It wasn’t only about the grade. I had thought she liked me. I couldn’t begin to imagine what I’d done to deserve the D and her attack.  It wasn’t due to lack of effort or participation on my part.

Her hatred for me cost me my class rank,  my ability to vie for scholarships and my trust for adults. Worse than that, it branded me with a name of shame I wore for decades.

Rubart continued talking.  He told of the girls from India who were named “unwanted”  at birth but had a ceremony in to chose new names.

God is in the business of renaming. He renamed Abram to Abraham.  Sarai to Sarah.

There’s a name God wants to give you.

There’s a name He wants to erase from you.”

The fall after the name-calling incident,  I was a  typical non-Christian college freshman without parental restraint and attended  every party I could find. But I had another desire that couldn’t be quenched, to find spiritual answers to life’s questions. I began attending several Bible studies and reading the Bible daily.

The tug of war over my soul didn’t last long, I became a born-again Christian and experienced a life-change in October. The following week, I mustered up the courage to attend the Campus Crusade meeting advertised on a campus bulletin board.

Afterwards, a young man with the love of Jesus radiating on his face approached with a smile, stuck out his hand and said, "Hi, what’s your name?"

My name…my name…my name…it struck boldly and instantly in my mind. I’d been reading the verses in 2 Corinthians  that said faith made you a "new creation in Christ." I decided a new creation needed a new name.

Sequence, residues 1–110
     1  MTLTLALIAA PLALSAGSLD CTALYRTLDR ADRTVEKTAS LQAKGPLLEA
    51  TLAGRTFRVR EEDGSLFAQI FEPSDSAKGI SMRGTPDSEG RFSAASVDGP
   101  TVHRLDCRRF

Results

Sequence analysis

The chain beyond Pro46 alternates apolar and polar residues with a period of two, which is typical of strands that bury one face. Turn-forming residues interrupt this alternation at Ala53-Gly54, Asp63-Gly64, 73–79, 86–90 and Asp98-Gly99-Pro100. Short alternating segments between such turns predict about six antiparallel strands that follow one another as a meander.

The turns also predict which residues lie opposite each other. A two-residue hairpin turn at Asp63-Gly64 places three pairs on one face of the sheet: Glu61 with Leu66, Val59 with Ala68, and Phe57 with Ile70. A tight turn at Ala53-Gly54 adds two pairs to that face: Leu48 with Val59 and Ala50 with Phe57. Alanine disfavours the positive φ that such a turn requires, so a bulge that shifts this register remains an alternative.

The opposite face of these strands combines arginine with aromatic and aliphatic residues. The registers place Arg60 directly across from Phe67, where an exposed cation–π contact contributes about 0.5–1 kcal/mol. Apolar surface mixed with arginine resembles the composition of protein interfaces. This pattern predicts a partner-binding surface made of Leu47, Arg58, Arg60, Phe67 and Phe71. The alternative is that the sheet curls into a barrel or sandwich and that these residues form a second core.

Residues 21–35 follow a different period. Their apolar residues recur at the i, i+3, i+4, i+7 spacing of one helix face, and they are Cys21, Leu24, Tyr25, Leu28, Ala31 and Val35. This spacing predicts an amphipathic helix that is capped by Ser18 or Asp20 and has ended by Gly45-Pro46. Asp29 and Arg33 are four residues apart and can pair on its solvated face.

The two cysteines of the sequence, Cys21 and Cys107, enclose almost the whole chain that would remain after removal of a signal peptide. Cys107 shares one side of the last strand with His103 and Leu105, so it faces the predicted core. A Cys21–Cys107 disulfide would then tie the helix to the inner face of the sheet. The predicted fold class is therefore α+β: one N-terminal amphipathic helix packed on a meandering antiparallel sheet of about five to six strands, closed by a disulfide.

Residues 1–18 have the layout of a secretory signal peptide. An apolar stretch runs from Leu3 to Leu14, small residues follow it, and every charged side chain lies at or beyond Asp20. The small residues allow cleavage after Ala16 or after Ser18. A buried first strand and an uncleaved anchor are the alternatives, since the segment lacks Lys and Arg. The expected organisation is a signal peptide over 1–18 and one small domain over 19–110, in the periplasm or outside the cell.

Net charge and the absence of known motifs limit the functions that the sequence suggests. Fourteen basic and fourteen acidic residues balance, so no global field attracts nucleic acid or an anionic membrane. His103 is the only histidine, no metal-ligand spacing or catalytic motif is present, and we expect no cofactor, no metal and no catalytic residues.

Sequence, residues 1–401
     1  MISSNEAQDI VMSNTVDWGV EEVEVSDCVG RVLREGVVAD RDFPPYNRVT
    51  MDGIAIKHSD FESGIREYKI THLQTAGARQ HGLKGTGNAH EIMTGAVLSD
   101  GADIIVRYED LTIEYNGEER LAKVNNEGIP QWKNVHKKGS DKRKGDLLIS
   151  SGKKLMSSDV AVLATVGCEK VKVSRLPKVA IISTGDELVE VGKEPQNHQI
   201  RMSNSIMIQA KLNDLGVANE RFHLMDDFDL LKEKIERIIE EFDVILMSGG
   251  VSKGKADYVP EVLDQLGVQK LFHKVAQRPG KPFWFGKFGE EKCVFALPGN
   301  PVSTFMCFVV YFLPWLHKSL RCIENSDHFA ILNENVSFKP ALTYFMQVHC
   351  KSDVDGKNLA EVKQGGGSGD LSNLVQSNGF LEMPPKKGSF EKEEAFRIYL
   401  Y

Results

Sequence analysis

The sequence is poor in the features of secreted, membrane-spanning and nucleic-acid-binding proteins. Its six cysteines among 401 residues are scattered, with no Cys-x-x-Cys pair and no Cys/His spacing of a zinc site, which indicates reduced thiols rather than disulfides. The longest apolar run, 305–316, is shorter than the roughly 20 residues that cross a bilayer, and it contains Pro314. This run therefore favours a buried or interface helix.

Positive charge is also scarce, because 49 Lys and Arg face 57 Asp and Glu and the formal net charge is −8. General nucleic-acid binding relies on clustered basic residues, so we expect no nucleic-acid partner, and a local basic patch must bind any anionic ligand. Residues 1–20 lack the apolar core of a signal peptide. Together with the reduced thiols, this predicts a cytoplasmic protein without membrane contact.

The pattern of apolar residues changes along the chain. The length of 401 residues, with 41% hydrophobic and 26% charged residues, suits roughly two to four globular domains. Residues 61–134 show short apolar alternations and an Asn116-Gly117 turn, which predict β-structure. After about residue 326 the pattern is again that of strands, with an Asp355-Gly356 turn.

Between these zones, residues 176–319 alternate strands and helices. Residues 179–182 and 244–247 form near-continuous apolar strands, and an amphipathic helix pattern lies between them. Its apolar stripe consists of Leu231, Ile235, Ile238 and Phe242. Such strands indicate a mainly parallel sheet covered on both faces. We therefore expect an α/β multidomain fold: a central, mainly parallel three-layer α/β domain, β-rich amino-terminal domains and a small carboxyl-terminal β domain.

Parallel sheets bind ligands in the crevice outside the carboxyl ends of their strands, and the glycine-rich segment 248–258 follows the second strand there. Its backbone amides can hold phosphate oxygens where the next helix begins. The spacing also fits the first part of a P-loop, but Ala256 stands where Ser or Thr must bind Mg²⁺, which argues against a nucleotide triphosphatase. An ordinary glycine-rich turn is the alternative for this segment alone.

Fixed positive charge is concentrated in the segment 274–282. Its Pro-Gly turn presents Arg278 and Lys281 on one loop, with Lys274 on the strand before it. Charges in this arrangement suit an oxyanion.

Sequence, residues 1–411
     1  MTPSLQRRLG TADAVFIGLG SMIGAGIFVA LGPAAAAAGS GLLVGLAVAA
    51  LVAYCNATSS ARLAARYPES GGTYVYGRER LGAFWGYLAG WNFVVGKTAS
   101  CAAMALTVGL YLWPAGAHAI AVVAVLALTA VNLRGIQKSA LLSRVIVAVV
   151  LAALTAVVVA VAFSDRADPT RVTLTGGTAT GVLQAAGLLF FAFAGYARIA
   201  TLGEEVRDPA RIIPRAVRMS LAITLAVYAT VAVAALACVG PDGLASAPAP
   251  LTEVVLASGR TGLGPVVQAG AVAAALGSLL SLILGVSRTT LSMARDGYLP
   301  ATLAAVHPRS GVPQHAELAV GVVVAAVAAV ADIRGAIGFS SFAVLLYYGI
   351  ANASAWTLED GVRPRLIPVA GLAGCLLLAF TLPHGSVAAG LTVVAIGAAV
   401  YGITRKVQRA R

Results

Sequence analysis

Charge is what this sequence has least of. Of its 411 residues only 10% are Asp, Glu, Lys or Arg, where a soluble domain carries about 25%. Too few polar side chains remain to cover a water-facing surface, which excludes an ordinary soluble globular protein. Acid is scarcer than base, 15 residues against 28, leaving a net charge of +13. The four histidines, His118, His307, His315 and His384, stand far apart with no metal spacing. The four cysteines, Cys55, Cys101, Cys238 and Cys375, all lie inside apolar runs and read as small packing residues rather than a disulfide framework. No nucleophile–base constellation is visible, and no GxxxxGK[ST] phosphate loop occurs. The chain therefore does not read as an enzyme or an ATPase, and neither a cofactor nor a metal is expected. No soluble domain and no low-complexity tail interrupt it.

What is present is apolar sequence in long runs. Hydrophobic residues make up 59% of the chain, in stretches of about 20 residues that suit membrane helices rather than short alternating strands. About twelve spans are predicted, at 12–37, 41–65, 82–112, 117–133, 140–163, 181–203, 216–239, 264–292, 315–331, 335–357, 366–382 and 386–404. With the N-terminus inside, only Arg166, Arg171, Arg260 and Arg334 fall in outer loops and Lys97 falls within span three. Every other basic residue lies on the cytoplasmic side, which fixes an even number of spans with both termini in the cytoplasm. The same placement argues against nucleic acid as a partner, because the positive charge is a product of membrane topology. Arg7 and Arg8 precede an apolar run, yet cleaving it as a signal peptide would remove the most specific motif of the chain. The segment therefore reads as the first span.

"Hi, I’m Mindy," I said.

As I grew in faith, I realized how profound this action was. 

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Rubart continued, “ Revelation 2:17 says to him who overcomes…I will give him a white stone, and on the stone a new name written which no one knows except him who receives it.

God loves to give names. So does the enemy.

Next week  I encourage you to get alone and silent before the Lord, and ask “What would you call me?”

Also go through the list of names you were called by the enemy and release them.  Pray over them and reject them in the Name of Jesus.The Lord is into Names.”

Rubart offered a way to transform the title of shame spewed with spittle and hatred by my high school teacher to a name bestowed in love by my heavenly Father.  I prayed.  Weeks went by.  I continued to pray and ask the Lord for a new name.

One Sunday I sat in the pew warmed by the words of faith  and worship that swirled around.  In prayer, I released burdens to the Lord  I’d carried way too long.

My new name settled around me like a mantle of peace, a covering of love.

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BELOVED

I’m no longer a teenager named in hatred by a teacher for reasons I’ll never discover, I’m a woman loved and named  by Someone who died for me for reasons I’ll never fully comprehend.

The wisdom Rubart shared that evening wasn’t what I’d expected, but it was exactly what I needed.